Geosyntec Practitioners Coauthor a Paper on the Use of Electrokinetics and Lactate During Bioremediation in the Journal Water Research
Ainsley Inglis, Nicholas Head, Dave Hogberg, Marlaina Auger (Ontario), and David Reynolds, Ph.D. (Sydney) coauthored a paper entitled "Electrokinetically-enhanced emplacement of lactate in a chlorinated solvent contaminated clay site to promote bioremediation," published in Volume 201 of Water Research on August 1, 2021.
Ainsley Inglis was the lead author, and Geosyntec staff coauthors were Nicholas Head, David Reynolds, Dave Hogberg, and Marlaina Auger. Other coauthors were Ahmed I. A. Chowdhury, Ariel Nunez Garcia, Elizabeth Edwards, Line Lomheim, Kela Weber, Sarah J. Wallace, Leanne M. Austrins, Jennifer Hayman, Audrey Sidebottom, Jake Eimers, Jason I. Gerhard, and Denis M. O'Carroll.
Water Research publishes refereed, original research papers on all aspects of the science and technology of the anthropogenic water cycle, water quality, and its management worldwide. Its audience includes biologists, chemical engineers, chemists, civil engineers, environmental engineers, limnologists, and microbiologists.
The International Water Association is a nonprofit organization and knowledge hub for the water sector with more than 60 years of experience connecting water professionals worldwide to find solutions to the world's water challenges.
Bioremediation through the injection of electron donors and bacterial cultures is effective at treating chlorinated solvent contamination. However, it has had limited application in low permeability zones where amendments cannot be delivered successfully. This field-scale study investigated the application of electrokinetics to enhance the delivery of lactate at a clay site contaminated with chlorinated solvents. Groundwater and soil samples were collected before, during and for 1 year after the 71-day field test and analyzed for a wide suite of chemical and biological parameters. Lactate was successfully delivered to all monitoring locations. Lactate emplacement resulted in the stimulation of bacterial populations, specifically within the phylum Firmicutes, which contains fermenters and strict anaerobes. This likely led to biodegradation, as the field trial resulted in significant decreases in both soil and aqueous phase chlorinated solvent concentrations. Contaminant decreases were also partially attributable to dilution, given evidence of some advective lactate flux. This research provides evidence that electrokinetically-enhanced bioremediation has potential as a treatment strategy for contaminated low permeability strata.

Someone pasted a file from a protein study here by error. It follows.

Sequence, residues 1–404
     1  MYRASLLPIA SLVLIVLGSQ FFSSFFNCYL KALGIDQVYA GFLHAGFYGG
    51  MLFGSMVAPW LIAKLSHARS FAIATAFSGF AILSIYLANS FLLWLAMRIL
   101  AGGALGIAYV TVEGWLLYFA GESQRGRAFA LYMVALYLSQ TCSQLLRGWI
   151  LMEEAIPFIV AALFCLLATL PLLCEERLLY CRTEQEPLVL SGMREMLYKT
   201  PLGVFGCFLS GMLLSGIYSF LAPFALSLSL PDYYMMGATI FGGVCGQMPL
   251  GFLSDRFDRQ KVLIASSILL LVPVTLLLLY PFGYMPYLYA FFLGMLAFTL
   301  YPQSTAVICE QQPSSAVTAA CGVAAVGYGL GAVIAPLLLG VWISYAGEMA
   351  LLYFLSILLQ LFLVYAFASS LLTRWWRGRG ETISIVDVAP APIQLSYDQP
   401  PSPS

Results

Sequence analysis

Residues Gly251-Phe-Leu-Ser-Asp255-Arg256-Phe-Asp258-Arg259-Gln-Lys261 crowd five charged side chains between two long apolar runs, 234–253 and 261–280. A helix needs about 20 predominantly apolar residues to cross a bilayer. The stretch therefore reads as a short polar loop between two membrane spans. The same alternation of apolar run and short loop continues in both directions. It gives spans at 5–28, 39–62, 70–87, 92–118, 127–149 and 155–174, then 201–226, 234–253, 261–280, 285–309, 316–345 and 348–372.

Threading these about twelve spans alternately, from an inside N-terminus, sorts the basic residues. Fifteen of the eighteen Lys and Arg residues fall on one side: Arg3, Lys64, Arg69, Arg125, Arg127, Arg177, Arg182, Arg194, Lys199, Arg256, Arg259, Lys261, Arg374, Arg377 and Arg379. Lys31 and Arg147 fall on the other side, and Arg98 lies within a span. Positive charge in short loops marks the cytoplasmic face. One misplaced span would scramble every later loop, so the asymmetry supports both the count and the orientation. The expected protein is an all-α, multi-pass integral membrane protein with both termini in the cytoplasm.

Learn more about the article: Electrokinetically-enhanced emplacement of lactate in a chlorinated solvent contaminated clay site to promote bioremediation
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